When you work with an attorney, the attorney may send a demand letter to the insurer. This is an action the insurer may take seriously, because fighting your case in court can be costly. At this stage, you may receive partial or full compensation. If an insurance company has a formal appeals process, your attorney may be able to negotiate a settlement.
In cases where it is suspected that the insurer denied the claim without conducting a reasonable investigation, the case against the insurer may strengthen, since the insurance company may be breaking the law.
If your attorney has contacted the insurer, and the insurer still denies the claim, the next step may be to file a lawsuit against the insurer. The more evidence you have, and the more serious the damages, the better chance a law team has to secure compensation. When you consult with an attorney, let them know all the information you have, so they can make a better decision about whether or not to pursue legal action.
Have Questions After a Serious Car Accident?
Even if you have insurance, the scary fact is that sometimes your claim will get denied, even when an accident wasn’t your fault. That’s why uninsured motorist coverage is so valuable, and why you should take care to document every detail of the accident for your protection.
If you’ve been in a serious car accident and had your claim denied, contact Pittman, Dutton & Hellums for a free consultation.
Generally speaking, the less sleep you get, the more likely you are to have an injury at work. According to the US National Health Interview Survey, when people get less than seven hours of sleep, injury incidence increases with each hour less.
- For workers who sleep 7 to 8 hours a night, annual injury incidence is 2.27 percent
- For workers who sleep 6 to 7 hours a night, annual injury incidence is 3.62 percent
- For workers who sleep 5 to 6 hours a night, annual injury incidence is 5.21 percent
- For workers who sleep less than 5 hours a night, annual injury incidence is 7.89 percent
Proper sleep is essential to all workers, especially those who operate heavy machinery, including cars and large trucks. In some cases, when an employee is driving while on the clock for work, an employer’s negligence may be to blame for work car accidents. Here are some things to be aware of.
The Dangers of Driving While Fatigued
Drowsy driving is a serious threat to motorists. A 2018 study by AAA Foundation for Traffic Safety found drowsy driving is a factor in nearly 10 percent of serious car crashes resulting in injuries, airbag deployment or significant property damage. While the federal government reports up to 2 percent of all accidents occur because of drowsy driving, this recent study indicates the number is likely much higher.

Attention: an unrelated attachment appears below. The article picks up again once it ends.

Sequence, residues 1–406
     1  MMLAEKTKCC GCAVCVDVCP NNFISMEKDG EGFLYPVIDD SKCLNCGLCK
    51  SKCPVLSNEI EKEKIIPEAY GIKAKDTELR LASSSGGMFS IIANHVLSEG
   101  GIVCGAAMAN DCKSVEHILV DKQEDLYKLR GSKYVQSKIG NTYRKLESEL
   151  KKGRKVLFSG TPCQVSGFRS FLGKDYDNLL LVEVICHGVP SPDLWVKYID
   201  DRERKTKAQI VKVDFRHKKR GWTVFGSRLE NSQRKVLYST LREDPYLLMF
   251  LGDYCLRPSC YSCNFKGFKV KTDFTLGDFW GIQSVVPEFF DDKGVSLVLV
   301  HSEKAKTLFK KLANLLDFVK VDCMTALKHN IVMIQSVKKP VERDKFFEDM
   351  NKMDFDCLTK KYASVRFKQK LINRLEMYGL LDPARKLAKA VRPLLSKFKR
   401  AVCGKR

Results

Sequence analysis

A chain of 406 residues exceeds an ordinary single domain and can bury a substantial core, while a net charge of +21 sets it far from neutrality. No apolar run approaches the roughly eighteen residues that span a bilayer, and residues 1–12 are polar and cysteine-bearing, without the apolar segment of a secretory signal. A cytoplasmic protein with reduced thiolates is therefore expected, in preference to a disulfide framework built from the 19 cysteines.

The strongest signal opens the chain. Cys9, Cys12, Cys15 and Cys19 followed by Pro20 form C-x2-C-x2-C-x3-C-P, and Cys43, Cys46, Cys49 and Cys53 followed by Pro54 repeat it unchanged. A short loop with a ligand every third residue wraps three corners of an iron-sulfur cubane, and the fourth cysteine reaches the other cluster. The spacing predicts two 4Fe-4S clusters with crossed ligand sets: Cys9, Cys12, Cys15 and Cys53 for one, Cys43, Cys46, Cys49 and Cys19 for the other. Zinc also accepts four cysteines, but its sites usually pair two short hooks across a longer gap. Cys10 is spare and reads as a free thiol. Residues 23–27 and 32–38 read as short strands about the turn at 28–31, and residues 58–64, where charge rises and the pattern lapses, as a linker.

When people drive while drowsy, the following risks occur:
- Drivers become less attentive
- Reaction time slows
- Drivers are less likely to make safe driving decisions
The Centers for Disease Control and Prevention reports most adults need at least seven hours of sleep a day to stay safe. However, in some work situations, employers may negatively impact sleep time, putting their employees and others on the road in danger.
Fatigued Driving Risks in Work Situations
Any time an employee takes the wheel, there’s a risk that they’re doing so while drowsy, whether because of a personal decision or because of employer instructions. A 2017 study published in the medical journal Sleep reports work factors that influence drowsy driving incidence include:
- Working long and irregular hours
- Working multiple jobs
- Working night hours
The study reports factors like these are especially prevalent in the medical community. Extended work shifts increase crash risk by 9.1 percent, the study finds. Long shifts, which last more than 12.5 hours, increase drowsy driving incidence by double frequency. Nurses who only work night shifts are more likely to experience drowsy driving. The study reports any employee who experiences similar work situations may also be at risk for drowsy driving, not just those in the medical field.
The study also found drivers who drive through monotonous locales or drive on lengthy routes are particularly susceptible to drowsy driving dangers. These are the types of schedules and routes truck drivers typically encounter.
Safety + Health magazine reports workers in the oil and gas industries also face drowsy driving risks, since these types of workers often make lengthy trips between work sites and work extended shifts.
How Employer Negligence Contributes to Drowsy Driving